- Paperback: 240 pages
- Publisher: Routledge (August 26, 2004)
- Language: English
- ISBN-10: 0415343585
- ISBN-13: 978-0415343589
- Product Dimensions: 5.4 x 0.6 x 8.5 inches
- Shipping Weight: 13.1 ounces (View shipping rates and policies)
- Average Customer Review: 3 customer reviews
- Amazon Best Sellers Rank: #4,431,266 in Books (See Top 100 in Books)
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Poland, 1918-1945: An Interpretive and Documentary History of the Second Republic
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About the Author
Peter D. Stachura is Professor of Modern European History and Director of The Centre for Research in Polish History at the University of Stirling. His research interests are in twentieth-century German history, with particular reference to the Weimar Republic, and Polish history, in particular the Second Republic. He has published extensively in both these areas. His books include Themes of Modern Polish History, Poland Between the Wars and Poland in the Twentieth Century.
Top customer reviews
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Anyway, the book is a good illustration how an attempt to build nation-state in such a diverse country as pre-war Poland failed. Even the author cannot not prove the contrary.
He truly blames the minorities for what happened in interwar Poland and in fact this is not so.
Poland became a nation of three dismembered parts and there was no way to make a parliament that would work with people who came trained with different view and different ways of making laws from the three partitions. Se J. jedruch's book about this aspect.
Stachura specially blames the Jews, but the Jews did not rebel like the Ukrainians in the 1930's making bombs. The Jews knew that they have lived in Poland for close to 800 years peaceful more than in other countries. There is a book called "When Poland began to Hate" and it is all tied with the nationalists and Roman Dmowski. It is the latter that slowly but surely infiltrated antisemitism into politics to a point of no return although he never held a seat in government during interwar Poland.
He has an example of the newspaper Neaz Prezlegad in which Jews are asking for their constitutional rights. Of course, they should when this was written Pilsudski was dead and they were attacking Jews in earnest. Stachura gives this as an example of an action against the state. NO so.
Stachura is supporter of Roman Dmowski, and he is entitled to his opinions, but that is not history. A very slanted view which is in accord with all his other books written about Poland.
Perhaps those who dislike this book and think that it is slanted do so because it does not fit the template of Judeocentric Pole-bashing books. Stachura does take issue with Communist-centered works that have long tried to make the Soviet puppet state Poland look good by demonizing the Second Republic (1918-1939). He finds both good and bad in the Second Republic.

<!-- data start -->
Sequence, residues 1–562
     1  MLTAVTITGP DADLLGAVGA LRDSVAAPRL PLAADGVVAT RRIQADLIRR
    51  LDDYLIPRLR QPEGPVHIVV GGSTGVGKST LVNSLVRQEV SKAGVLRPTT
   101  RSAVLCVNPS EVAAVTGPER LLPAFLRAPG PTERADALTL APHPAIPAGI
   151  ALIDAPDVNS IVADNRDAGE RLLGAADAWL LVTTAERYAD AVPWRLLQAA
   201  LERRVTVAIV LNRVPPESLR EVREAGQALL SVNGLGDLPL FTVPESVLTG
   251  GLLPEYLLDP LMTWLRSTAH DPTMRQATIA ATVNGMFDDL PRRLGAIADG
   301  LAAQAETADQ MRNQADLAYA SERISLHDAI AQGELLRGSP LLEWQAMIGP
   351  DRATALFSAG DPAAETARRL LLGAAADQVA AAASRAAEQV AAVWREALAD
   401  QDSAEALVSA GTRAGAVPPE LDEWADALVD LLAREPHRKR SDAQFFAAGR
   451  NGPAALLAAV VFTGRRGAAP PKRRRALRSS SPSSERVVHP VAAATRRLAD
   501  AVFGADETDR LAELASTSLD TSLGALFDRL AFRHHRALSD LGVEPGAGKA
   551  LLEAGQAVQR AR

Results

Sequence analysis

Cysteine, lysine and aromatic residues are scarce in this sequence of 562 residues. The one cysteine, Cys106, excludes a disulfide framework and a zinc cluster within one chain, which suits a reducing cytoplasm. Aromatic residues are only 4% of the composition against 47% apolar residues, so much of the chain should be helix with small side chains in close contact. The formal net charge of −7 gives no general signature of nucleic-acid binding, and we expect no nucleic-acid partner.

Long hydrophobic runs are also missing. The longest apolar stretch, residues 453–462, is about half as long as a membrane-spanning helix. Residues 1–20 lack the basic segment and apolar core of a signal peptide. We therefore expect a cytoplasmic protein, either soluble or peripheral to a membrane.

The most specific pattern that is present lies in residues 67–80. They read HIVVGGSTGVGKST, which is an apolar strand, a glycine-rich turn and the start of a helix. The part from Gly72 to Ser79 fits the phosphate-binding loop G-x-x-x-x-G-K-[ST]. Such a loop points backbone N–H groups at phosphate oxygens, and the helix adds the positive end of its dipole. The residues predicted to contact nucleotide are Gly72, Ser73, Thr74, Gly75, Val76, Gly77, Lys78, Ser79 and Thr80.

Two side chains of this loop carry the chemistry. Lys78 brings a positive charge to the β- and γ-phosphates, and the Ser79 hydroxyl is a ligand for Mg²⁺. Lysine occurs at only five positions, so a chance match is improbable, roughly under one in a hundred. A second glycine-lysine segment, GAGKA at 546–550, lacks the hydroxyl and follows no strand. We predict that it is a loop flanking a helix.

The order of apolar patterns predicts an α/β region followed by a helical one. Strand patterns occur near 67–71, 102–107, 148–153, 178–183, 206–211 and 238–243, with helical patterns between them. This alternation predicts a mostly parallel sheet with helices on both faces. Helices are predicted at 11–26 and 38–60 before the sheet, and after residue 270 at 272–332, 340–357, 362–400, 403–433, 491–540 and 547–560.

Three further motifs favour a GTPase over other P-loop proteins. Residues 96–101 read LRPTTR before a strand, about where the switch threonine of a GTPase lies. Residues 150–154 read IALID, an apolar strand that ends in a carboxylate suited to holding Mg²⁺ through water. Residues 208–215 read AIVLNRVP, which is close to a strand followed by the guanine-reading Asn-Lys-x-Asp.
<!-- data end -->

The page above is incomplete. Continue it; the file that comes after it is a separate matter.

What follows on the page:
While discussing Poland's culture, he mentions the poets of the Skamander group: Kazimierz Wierzynski, Antoni Slonimski, Boleslaw Lesmian, Julian Tuwim, etc. These were largely Polonized Jews. The poetry of the Skamander group tended to offend Poles by denigrating traditional Polish Catholic and patriotic attitudes and values. (pp. 103-104). Later, Gombrowiwicz, Tuwim, and Slonimski proved to be enthusiastic supporters of the Soviet-imposed Communist puppet state. (p. 104).
The author provides many direct quotations from not-easily-available primary sources, and these alone make the book worthwhile. For instance, German imperial ambitions against the resurrected Polish state had long preceded Hitler's rise to power. Stachura quotes General Hans von Seeckt on the intolerability of the existence of Poland for both Germany and Russia. (p. 36). Stachura also quotes from the HUGH GIBSON PAPERS [Hugh Gibson was the first American minister to Poland]. Gibson repeatedly inveighed against Poland's Jews for making up accusations of pogroms, and often doing so for German propaganda purposes. He also chided American Jews for readily accepting, and publicizing, these bogus pogrom accusations as fact. (pp. 91-94).
Stachura quotes Feliks Dzierzynski, who blamed the 1920 Soviet defeat on the failure of Communists to allow for a transitional period between capitalism and Communism--a time during which the existence of an independent Poland would be recognized by the USSR, as had earlier been suggested by Lenin. (p. 42). Against the mischaracterization of the post-Pilsudski regime as quasi-fascist, Stachura cites THE ECONOMIST, in which it is noted that President Moscicki and Marshal Smigly-Rydz had disavowed any ideas about totalitarianism. (p. 77).
The author quotes from England's King George VI, who, on VE Day praised Poland for standing up against Nazi Germany and never ceasing the fight against this evil. (p. 181). Stachura also quotes British Parliamentarian Sir Cuthbert M. Headlam, who chided Churchill and Eden for betraying Poland to Stalin and the Bolsheviks. (p. 178).